The performance counters can be easily switched between 1 hour, 12 hour and the last 24 hours depending on your requirement. Other information such as SQL Error logs can be configured to show x events from the event log.

Basic information like SQL Server version and product level is available, leading you to the real-time process explorer, event log viewer and service control manager. The top 10 databases by active user connection breaks down the active users by database and displays this via a pie chart and expandable list. Beneath this we have the top 10 expensive queries by CPU time, allowing you to hone in on inefficient queries- enabling you to look at optimizing them or scheduling them for off-peak.

AppInsight doesn’t just work at the MS SQL server level, you can also dig into individual databases and access a wealth of information including top 10 indexes by fragmentation, top 10 tables by size, database and transaction file size and white space per database.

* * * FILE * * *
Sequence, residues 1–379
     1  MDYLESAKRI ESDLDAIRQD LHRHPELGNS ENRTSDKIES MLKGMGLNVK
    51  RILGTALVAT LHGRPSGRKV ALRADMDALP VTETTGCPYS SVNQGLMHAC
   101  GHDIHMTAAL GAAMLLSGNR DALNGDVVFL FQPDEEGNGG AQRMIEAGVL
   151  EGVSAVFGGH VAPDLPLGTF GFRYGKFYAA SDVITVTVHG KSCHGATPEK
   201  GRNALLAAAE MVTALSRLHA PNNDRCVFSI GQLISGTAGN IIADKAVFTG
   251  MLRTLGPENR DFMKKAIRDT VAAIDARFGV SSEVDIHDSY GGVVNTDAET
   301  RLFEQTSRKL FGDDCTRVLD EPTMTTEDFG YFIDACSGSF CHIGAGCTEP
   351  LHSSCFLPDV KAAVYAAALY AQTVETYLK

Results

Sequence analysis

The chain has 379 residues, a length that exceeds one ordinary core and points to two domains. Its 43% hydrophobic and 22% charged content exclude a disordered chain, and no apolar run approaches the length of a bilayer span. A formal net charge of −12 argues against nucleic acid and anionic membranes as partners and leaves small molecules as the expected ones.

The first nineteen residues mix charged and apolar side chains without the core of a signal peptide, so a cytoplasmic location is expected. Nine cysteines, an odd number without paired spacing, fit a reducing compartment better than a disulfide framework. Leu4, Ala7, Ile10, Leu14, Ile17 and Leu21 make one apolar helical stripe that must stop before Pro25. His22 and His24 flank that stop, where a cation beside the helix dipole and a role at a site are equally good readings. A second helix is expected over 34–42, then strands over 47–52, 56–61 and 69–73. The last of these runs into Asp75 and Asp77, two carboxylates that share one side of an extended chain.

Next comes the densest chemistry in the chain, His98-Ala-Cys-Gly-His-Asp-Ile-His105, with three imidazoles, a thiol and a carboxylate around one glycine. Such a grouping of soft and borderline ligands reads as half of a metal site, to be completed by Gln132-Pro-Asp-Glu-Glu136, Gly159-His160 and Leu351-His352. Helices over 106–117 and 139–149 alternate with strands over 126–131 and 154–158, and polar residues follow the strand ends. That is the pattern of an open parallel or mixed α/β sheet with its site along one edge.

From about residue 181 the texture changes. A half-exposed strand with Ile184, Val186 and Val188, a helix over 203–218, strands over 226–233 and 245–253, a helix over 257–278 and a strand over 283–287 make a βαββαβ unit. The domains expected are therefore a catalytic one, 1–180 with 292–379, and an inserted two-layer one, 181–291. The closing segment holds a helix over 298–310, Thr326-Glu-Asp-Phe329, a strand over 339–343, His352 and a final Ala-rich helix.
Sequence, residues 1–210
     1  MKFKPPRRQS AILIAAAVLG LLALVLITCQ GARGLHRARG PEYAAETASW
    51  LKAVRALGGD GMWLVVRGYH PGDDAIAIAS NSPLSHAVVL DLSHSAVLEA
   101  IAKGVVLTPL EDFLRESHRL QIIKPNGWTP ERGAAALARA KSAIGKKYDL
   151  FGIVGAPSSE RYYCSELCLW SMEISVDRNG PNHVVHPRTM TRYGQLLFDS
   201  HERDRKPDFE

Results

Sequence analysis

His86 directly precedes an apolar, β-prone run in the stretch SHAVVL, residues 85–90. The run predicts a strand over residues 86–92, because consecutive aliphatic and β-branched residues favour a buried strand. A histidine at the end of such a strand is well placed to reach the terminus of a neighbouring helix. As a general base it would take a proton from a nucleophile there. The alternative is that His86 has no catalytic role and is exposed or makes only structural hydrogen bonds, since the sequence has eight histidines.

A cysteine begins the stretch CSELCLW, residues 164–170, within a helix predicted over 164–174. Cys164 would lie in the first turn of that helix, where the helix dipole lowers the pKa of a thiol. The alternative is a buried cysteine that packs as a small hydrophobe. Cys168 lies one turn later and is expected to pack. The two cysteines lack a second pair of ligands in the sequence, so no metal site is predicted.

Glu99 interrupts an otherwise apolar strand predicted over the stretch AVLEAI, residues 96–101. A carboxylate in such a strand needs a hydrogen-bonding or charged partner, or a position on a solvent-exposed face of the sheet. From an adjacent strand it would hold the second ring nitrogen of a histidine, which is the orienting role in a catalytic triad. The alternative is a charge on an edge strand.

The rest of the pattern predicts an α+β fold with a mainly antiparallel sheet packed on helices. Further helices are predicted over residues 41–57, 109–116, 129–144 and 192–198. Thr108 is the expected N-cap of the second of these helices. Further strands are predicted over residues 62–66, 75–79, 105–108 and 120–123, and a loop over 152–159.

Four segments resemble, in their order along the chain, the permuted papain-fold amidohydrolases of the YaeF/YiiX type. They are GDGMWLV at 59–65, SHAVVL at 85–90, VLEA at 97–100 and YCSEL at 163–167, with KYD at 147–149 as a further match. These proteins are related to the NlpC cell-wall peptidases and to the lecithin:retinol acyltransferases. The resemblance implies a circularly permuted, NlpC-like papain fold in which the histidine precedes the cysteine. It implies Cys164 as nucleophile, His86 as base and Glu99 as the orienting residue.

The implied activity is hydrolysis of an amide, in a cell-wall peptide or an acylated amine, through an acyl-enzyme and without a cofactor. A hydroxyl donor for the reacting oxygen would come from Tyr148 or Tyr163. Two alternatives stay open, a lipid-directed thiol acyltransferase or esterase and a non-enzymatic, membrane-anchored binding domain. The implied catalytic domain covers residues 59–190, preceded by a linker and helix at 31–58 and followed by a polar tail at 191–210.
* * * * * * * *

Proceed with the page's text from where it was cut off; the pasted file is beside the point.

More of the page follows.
Real-time Windows event log viewer

The real-time Windows event log viewer allows you to view, filter and setup monitors directly from the Node details summary within SAM. The interface itself is very similar to the standard Windows MMC, and allows you choose between the various Windows logs types (application, security, system and others depending on the services installed). You then have the ability to dig down into event levels (error, warning, information, security audit and failures). The interface polls via WMI and refreshes every 20 seconds or so, handy if you’re wanting to keep an eye out for a particular event as it happens.


The real-time event log viewer is positioned next to the real-time process explorer and service control manager which were both added in recent versions. This puts 3 very common troubleshooting and monitoring tools right at your fingertips. The reboot button is also very close, but luckily SolarWinds have added a prompt for you to confirm before rebooting the machine! Having these available from one console reduces the need to fire up a remote session to the server, or launch a custom MMC.